The Homilies, Audiences, and Other Writings of Pope Benedict XVI in English & Latin (13 vols.)
by Benedict XVI•
Libreria Editrice Vaticana 2012–2013
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Since the announcement of the resignation of Pope Benedict XVI, this collection will now contain all of the writings of Benedict during his pontificate, between 2005 and 2013.
The Homilies, Audiences, and Other Writings of Pope Benedict XVI collection (19 vols.) contains the official pontifical writings, speeches, homilies, and letters of Pope Benedict XVI. These volumes, compiled and built by Logos Bible Software, contain the Holy Father’s teachings from 2005 to 2013 and are not available in this chronological digitized format anywhere else. Each Sunday homily, apostolic and public letter, and homily before and after the Angelus has been assembled in these volumes.
These writings include Pope Benedict XVI’s letters and messages to bishops, archbishops, cardinals, and world leaders, his public prayers, public audiences, speeches, and his Motu Proprio—an apostolic letter, regarded as an official document, that carries an administrative or instructional purpose. Less formal than an Apostolic Constitution, the Motu Proprio carries an official statement that enacts only minor changes to law, procedure, or persons and institutions. Among these are the important Summorum Pontificum, affecting liturgical topics, and Porta Fidei, establishing the Year of Faith.
Having these volumes in Logos’ format brings immeasurable value to your sermon or homily writing or your small-group study. Search for the Holy Father’s homily from any Sunday in these seven years, and see what he had to say on any given Sunday, feast day, or Holy Day. Or search his homilies and speeches for specific topics: his sayings on baptism, say, or on the Trinity—or find all of his references to Ephesians 1:4. You can even start each morning with a homily, message, prayer, or speech that the Holy Father spoke on that same day between 2005 and 2013.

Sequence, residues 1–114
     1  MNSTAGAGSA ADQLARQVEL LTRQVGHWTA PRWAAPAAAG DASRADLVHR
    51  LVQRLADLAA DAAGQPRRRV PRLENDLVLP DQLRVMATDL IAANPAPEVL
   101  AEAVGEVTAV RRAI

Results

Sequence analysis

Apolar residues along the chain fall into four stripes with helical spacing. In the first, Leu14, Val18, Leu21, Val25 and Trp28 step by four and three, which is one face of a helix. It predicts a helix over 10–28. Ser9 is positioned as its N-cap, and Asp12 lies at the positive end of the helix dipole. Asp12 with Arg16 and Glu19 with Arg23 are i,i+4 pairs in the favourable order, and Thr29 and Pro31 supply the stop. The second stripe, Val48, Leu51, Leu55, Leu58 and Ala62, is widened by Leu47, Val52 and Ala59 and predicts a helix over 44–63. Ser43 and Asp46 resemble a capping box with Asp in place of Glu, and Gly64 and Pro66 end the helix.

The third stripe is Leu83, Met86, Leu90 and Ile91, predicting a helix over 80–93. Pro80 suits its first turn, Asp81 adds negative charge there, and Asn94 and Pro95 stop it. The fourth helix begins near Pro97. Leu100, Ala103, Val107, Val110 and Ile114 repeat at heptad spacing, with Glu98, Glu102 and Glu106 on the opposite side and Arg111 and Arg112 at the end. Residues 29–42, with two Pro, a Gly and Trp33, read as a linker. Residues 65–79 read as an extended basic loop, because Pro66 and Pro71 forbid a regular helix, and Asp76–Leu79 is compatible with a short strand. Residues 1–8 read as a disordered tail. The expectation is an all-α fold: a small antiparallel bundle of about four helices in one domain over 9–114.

- Pope Benedict XVI’s major homilies from feast days and Holy Days
- Letters from the pope to his cardinals and archbishops
- Writings and speeches from his pastoral visits throughout the world
- Apostolic Constitutions that have only been made available in Latin
- Angelus/Regina Coeli (English)
- Audiences (English)
- Homilies (English)
- Letters (English)
- Letters (Latin)
- Messages (English)
- Messages (Latin)
- Apostolic Letters and Motu Proprio (English)
- Apostolic Letters and Motu Proprio (Latin)
- Prayers (English)
- Apostolic Constitutions (Latin)
- Speeches (English)
- Speeches (Latin)
- Title: The Homilies, Audiences, and Other Writings of Pope Benedict XVI (English & Latin)
- Author: Pope Benedict XVI
- Publisher: Libreria Editrice Vaticana
- Volumes: 13
About the Author
Pope Benedict XVI (Joseph Ratzinger), was born on 16 April 1927 in Marktl, Bavaria in Germany. During his youth, his father's devout Catholicism led to conflicts with the Nazi regime, and his family was forced to relocate several times. At the age of twelve he enrolled in minor seminary, but the seminary was closed for military use in 1942. He resumed his studies for the priesthood in 1946 and was ordained a priest on June 29, 1951. A year later he began teaching at the Higher School of Freising. He received his doctorate in 1953 and became a professor at Freising College in 1958.
On March 25, 1977, Pope Paul VI named him Archbishop of Munich and Freising, and on June 27 of that same year he was made a Cardinal. In November 1981, he was summoned by Pope John Paul II to Rome, where he was named Prefect of the Congregation for the Doctrine of the Faith, President of the Pontifical Biblical Commission, and President of the International Theological Commission.
On April 19, 2005, Cardinal Joseph Ratzinger was elected to be the 265th pope. He took the name Benedict XVI, after St. Benedict of Nursia. As pope, he received worldwide respect and was a spiritual influence to Christians and non-Christians alike. In 2013, he resigned the papacy, becoming the first pope to do so in since the fifteenth century. He retired to a monastery in the Vatican Gardens, where he continues to study and write.